For the past year, I’ve been prepping myself with information on what it takes to sustain camping in an unplugged, self sufficient location. Everyplace we’ve camped to this point has been at paid campgrounds with full facilities and hookups. With Arizona’s plethora of free BLM land, we knew we wanted to at least try boondocking somewhere in AZ if only once.
Boondocking or Dispersed Camping is the official terminology for camping without hookups (No Power, Water, or Sewer)
Some of the most incredible locations in the country are in or around places that allow you to camp for free or next to nothing; so long as you can be self sufficient and leave the area in the same condition you found it. As we drive into and through Arizona, it becomes quite obvious the landscape is completely different than everything we’ve seen so far. These pics were taken by the girls as they too were impressed with some of the unique mountain shapes
We researched locations that might be suitable for our size RV by using the website https://freecampsites.net/ . This is a crowd sourced directory of locations and information each potential campsite might offer. The first location we were interested in checking out was Buckeye Hills Regional Park. As we pulled in the road was hard packed and partially paved so that was a good sign that we would be able to drive the RV through it. We drove into the park about a mile and to our right was this site that looked like it could potentially fit us although it was clearly a site configured for a trailer about half our size.
The location itself was at the end of it’s own driveway area and quite breathtaking to say the least. Quickly after setup the girls took to the area and began playing. We arrived at Buckeye Hills Regional Park a little on the later side so we didn’t have a ton of time left to do anything except enjoy the sunset and have dinner. Despite the numerous warnings of rattlesnakes that will be found in the area, we knew that their likelihood of being out was nominal due to the colder temperatures that we were having during our stay. As evening turned to night, we had a crystal clear sky full of stars and the brightest moon I’ve ever seen. So for the first time we took out our telescope and explored the skies a little. Honestly, though; I hadn’t done enough research as to which types of animals inhabited the area we were staying in, so out of fear of the unknown, we retired into the RV early and regrouped for an early morning start and day of exploring. Morning came and we got to officially utilize our Honda generator. A full tank of gas can see this baby running for 8 hours and that was plenty of time to get some schooling done, and some office work on the computers. Leighton had a little trip and fall incident, but Dr Shayla quickly sprung into action and treated her patient with premium healthcare. Surprisingly Leighton actually allowed her to take care of the life threatening wound. With a fresh Doc McStuffins bandaid, they were back in action only minutes later. Setting up in a dust filled park (it is the desert after all), daily vacuuming was necessary to keep the RV safe of too many allergens etc. Shayla enjoys this chore the most I think. Having central vac in the rv has proven to be a huge benefit to keeping it clean and the air quality inside at it’s best. Jen schooled the girls while I worked on the computer inside. Cole took in as much sun as possible, as usual. Leighton finally got to break out her new Christmas gift of a compound bow. We swapped out the real arrows for suction cup ones and she made short work of the side of the RV as a target. Shayla on the other hand decided that since we were in Arizona, she would just tan. Our family hike took us to the top of the mountain situated behind the RV. As the afternoon was coming to a close, the girls wanted to head back to the top of the mountain and catch some scenic photos with their cameras. It was a relatively short hike but we were still very cautious of small cactuses and the ever present danger of rattlesnakes. Somebody tossed this tube tv out halfway up the mountain. #litter and #art His super wide shot shows the whole park and our RV is smack in the center about a 1/2 mile away. The sunsets impressed the girls for the first time during our trip. They both tried to capture them on their cameras but became frustrated with their results. I took a few minutes out and sat with Leighton and tried to help her capture what she was intending to get. The photo below on the left is hers. As night fell again, I took this chance to capture some stars and also capture a 30 minute exposure. Although our scene would have been amazing for some milky way photos; the moon was almost full during our stay. That near full moon was so bright here that we actually had full blown shadows under ourselves at night, and I knew that was going to be too much light for really amazing night shots. This was my best compromise of a long exposure sky shot. Camera settings for this shot are Nikon D4 14mm f20 ISO100 for 30minutes.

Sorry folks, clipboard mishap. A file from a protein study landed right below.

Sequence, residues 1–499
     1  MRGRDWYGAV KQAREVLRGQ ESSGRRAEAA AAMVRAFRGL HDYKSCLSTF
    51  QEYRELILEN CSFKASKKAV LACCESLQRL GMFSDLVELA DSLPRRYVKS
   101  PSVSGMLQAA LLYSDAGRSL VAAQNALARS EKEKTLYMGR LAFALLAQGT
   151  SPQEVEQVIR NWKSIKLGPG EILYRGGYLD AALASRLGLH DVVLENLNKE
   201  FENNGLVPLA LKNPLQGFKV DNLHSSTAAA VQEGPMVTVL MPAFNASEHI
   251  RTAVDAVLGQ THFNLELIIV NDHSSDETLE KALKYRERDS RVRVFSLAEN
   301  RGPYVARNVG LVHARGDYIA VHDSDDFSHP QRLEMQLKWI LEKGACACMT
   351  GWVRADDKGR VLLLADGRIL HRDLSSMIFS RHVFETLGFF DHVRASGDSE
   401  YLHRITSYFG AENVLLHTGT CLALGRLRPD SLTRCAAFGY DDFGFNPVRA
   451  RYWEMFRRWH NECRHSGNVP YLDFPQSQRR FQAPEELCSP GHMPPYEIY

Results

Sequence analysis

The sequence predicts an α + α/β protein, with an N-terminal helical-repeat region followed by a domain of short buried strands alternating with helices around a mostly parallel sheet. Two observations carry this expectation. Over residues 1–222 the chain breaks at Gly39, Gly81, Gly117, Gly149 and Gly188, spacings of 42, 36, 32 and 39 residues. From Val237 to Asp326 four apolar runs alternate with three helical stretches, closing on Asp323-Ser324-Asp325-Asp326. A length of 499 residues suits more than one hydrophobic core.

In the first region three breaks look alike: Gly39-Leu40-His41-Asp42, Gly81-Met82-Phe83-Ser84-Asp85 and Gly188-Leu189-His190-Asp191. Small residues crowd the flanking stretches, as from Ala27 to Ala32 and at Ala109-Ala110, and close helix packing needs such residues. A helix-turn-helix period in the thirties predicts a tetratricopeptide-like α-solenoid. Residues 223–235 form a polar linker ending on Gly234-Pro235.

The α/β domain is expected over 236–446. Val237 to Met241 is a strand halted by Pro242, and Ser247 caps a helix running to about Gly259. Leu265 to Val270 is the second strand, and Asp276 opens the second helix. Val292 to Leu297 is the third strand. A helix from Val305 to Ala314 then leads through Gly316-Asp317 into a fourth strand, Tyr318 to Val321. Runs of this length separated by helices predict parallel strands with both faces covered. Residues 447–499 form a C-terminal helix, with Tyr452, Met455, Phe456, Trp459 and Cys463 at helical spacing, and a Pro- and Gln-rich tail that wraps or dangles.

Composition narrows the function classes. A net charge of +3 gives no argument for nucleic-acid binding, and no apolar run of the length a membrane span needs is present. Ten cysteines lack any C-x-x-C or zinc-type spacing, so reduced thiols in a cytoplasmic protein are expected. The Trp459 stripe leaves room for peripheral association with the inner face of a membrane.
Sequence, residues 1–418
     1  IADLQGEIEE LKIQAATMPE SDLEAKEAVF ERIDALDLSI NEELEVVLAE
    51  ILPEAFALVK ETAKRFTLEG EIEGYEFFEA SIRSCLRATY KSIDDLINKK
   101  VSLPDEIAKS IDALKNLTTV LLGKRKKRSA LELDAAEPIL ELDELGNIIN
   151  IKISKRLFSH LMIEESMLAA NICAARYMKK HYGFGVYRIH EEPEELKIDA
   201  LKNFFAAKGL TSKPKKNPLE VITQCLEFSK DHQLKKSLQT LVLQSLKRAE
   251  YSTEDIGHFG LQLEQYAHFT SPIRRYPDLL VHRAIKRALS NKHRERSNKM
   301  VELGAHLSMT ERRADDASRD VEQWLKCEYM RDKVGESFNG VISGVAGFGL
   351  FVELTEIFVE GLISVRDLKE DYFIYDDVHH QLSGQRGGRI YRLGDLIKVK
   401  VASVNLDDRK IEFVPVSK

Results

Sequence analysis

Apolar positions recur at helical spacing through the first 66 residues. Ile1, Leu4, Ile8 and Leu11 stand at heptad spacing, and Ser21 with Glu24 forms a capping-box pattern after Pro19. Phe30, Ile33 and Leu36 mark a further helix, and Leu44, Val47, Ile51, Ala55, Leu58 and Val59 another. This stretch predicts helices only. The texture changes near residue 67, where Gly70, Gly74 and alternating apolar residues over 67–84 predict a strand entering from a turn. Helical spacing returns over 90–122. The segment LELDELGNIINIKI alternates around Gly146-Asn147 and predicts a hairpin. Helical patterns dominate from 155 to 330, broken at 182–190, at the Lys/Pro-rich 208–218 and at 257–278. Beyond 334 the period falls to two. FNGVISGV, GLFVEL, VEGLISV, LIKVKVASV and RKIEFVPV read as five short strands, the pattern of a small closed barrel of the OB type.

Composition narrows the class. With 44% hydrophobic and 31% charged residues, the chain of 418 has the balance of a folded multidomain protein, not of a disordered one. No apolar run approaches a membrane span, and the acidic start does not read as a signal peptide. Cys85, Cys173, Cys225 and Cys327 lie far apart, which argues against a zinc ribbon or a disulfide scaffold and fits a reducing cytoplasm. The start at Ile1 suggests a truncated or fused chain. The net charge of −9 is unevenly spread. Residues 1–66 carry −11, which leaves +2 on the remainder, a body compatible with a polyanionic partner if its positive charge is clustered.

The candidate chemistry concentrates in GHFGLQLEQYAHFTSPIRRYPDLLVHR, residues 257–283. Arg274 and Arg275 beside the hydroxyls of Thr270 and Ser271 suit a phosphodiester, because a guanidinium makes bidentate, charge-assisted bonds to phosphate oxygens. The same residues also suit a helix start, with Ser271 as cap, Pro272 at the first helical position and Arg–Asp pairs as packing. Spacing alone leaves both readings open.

These last two photos are 360 Degree Panoramas that we experimented with. I had purchased a Google Cardboard viewer and with my Nexus 6P and Google camera I can capture 360 photos and view them in virtual reality through the Cardboard. If you want to see how they look on your phone, You can download the first one here. And the second photo here. They came out pretty cool when using the cardboard viewer. We are definitely going to have to do this more in the future.